Putting Our Horses Through the Full Range of Motion
I always have my horses go through the - full range of motion! With Richard Winters
I train horses and conduct horsemanship clinics for a living. My job requires that I ride numerous horses
on any given day. By this time in my career, I suppose I have ridden thousands of horses. These horses
have ranged from un-started colts to backyard pleasure horses to the finished bridle horse. I’ve been
bucked off on occasion and have been in a few wrecks. Yet considering how many horses I’ve ridden,
my serious mishaps have been few. Many articles have been written on how to avoid an “unplanned
dismount.” However, the foundational safeguard for me is that I always have my horses go through the “full range of motion.”
Horses were created to walk, trot, lope, gallop, stop, turn, and then go some more! Yet the timid rider
attempts to over control their horse. In essence, they are constantly riding the brakes. They’re afraid that
the horse might get too volatile if they allow him to move out. The truth is that the bad energy can still be
there, just under the surface. Then, at the most unexpected time, that energy comes out in the form of a buck, spook, or a run-away horse.
How do I minimize these negative reactions?
If I have questions about how a horse is going to move out when ridden, I’m going to check things out
on the ground before I ever climb on the horse’s back. Once the horse is saddled, I want to see the
horse move through the full range of motion. I might do this on the end of a long lead rope or I could
work the horse at liberty in a round pen. I want to see this saddled horse walk, trot, lope, turn and move
off in both directions. I’m observing how efficiently the horse moves throughout the transitions. In other
words, if it takes 25 pounds of energy to move through this full range of motion and the horse is putting 40 pounds of energy into it, he’s probably not ready for me to mount.
A naïve rider may think that fifteen minutes of trotting with a lunge line is an adequate warm-up, and it
might be. Yet without seeing the horse transition into the lope a few times, the rider might not know the
whole story. The saddle feels different at the lope than it does at the trot. It will feel different when a
horse turns and pushes off with impulsion into a new direction as well. If you don’t check these things out prior to mounting, you might be getting on your horse prematurely.
I recently heard a world class colt starter answer the following question, “What do you do when the colt
you’re riding starts to buck.” He responded, “I generally try to take care of that before I get on.” Part of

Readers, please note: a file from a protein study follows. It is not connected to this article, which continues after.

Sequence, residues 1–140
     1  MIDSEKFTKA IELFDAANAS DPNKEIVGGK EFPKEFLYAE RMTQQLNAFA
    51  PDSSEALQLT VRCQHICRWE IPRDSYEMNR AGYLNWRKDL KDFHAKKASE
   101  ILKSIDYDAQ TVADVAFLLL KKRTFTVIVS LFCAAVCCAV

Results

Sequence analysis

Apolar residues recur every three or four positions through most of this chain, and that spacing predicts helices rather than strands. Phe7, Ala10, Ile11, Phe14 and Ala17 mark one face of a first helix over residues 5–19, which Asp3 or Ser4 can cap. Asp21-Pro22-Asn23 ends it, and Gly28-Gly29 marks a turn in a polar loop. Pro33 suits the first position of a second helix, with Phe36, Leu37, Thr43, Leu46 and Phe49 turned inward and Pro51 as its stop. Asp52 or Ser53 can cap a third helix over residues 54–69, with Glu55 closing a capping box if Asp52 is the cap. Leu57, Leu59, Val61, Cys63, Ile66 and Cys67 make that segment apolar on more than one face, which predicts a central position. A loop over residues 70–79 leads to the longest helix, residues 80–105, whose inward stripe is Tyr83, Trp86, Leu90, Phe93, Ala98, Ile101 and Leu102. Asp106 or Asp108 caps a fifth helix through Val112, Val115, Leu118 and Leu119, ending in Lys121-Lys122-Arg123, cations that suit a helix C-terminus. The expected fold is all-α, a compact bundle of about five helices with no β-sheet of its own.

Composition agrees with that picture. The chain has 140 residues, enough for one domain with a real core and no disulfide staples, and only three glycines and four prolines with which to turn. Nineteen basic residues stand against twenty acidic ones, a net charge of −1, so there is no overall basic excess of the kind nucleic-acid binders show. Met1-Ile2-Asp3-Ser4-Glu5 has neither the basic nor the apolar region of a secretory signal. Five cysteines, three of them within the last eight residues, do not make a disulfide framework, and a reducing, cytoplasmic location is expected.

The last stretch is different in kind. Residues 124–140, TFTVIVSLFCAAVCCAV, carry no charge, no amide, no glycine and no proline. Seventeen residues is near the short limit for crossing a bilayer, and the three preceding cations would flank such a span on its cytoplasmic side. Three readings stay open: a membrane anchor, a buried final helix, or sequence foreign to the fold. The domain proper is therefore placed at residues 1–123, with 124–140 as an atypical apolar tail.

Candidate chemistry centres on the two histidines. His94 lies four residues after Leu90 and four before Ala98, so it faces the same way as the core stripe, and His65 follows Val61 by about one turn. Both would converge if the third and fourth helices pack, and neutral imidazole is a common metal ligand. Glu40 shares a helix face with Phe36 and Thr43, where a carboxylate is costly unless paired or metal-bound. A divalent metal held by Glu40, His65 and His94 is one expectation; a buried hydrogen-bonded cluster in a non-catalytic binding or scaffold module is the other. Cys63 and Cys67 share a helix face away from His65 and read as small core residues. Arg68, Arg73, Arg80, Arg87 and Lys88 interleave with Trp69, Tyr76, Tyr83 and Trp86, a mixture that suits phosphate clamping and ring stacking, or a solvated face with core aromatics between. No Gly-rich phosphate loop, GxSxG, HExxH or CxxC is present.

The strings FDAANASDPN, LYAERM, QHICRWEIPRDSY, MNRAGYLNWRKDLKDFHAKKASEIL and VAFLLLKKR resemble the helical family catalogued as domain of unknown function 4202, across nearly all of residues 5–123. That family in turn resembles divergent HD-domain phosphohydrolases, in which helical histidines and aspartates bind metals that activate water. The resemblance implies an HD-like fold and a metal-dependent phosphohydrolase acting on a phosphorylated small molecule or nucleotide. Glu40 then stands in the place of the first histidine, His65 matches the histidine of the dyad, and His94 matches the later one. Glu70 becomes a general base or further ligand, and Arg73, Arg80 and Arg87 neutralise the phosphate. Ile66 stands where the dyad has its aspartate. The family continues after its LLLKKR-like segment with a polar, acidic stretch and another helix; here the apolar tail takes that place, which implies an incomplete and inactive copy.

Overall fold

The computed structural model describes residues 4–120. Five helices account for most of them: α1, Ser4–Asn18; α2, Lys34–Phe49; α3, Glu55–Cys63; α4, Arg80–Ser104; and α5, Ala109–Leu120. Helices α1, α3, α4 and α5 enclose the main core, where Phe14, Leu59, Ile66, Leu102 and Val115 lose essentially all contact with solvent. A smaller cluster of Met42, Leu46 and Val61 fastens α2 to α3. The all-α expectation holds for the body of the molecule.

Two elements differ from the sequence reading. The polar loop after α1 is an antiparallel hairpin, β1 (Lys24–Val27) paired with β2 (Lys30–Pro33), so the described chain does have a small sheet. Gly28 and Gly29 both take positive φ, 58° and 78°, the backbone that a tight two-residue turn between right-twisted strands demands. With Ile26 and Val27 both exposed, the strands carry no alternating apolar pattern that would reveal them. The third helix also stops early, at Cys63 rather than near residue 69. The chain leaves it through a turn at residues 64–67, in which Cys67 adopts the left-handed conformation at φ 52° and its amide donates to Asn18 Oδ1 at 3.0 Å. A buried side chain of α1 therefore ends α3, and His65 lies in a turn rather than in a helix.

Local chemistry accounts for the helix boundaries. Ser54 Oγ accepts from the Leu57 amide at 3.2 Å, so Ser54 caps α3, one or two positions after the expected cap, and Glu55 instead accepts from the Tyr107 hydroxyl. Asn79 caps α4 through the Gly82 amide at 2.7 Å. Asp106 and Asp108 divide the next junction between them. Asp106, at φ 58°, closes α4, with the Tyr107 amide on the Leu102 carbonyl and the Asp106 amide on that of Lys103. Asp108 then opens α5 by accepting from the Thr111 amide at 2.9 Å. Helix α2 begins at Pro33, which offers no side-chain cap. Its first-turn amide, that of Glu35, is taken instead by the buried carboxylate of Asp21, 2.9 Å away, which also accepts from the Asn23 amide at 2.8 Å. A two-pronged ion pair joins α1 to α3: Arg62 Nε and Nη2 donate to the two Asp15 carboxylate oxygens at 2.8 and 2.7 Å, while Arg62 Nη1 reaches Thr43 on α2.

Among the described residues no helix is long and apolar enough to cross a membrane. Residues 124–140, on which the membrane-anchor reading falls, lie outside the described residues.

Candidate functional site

this preparation is moving the horse through the full range of motion prior to mounting.
Another aspect to this concept is how you ride your horse. Many riders lack confidence and thus want
their horse to move slowly and predictably down the trail or along the arena fence. Some horses will do
that; most will not. Remember, they are horses, not golf carts. If you continually ride your horse on
“safety” and never allow them to really move out in a productive manner, they will probably move out at some unexpected moment; resulting in an undesirable consequence.
“I just wanted to go out for a nice trail ride. Everything was fine. And then, all of the sudden, he just blew
up!” I’ve heard this story line on numerous occasions. In most instances these riders failed to prepare the
horse mentally and physically for their “quiet trail ride.” Did you move the horse through the full range of
motion, with ground work, before mounting? Was he transitioning through these gaits relaxed and
efficient? When mounted, did you give your horse some physical work to do prior to introducing the idea
of a “quiet trail ride?” These are things that you must consider if you’re going to be your horse’s leader,
resulting in both of you surviving the experience. If you do not have the experience or confidence to ride
your horse in an assertive manner, then perhaps it’s time to find help. Your horse needs a rider that will confidently lead and support him through the full range of motion.
It is not even in my horses paradigm to be ridden and not be loped consistently in both directions, every
time. Invariably I will ride a participants “sticky” horse, during a clinic, and after loping around for a few
minutes each way I will state the following: “I am guessing that I’ve just loped this horse more in the last
ten minutes than his owner has loped him in the last six months.” Nine times out of ten the owner will
concur. They’ll go on to say, “If he would lope around quiet and relaxed, I would lope him more.” Of
course we know that he’ll never lope around quiet and relaxed until we lope him more. Yet people are scared to do it. Quite frankly, I’m too scared not to do it!
There is too much that can build up underneath the surface that might pop up and bite me. Horses were
created to move. That’s their nature. It’s our job to channel their energy in a productive manner. Make
sure your horse is comfortable, confident, and relaxed as he moves through the full range of motion.
Richard or Cheryl Winters
5025 Thacher Road
Ojai, California 93023
Phone: 805 - 640-0956
Store: Training Items and DVDs
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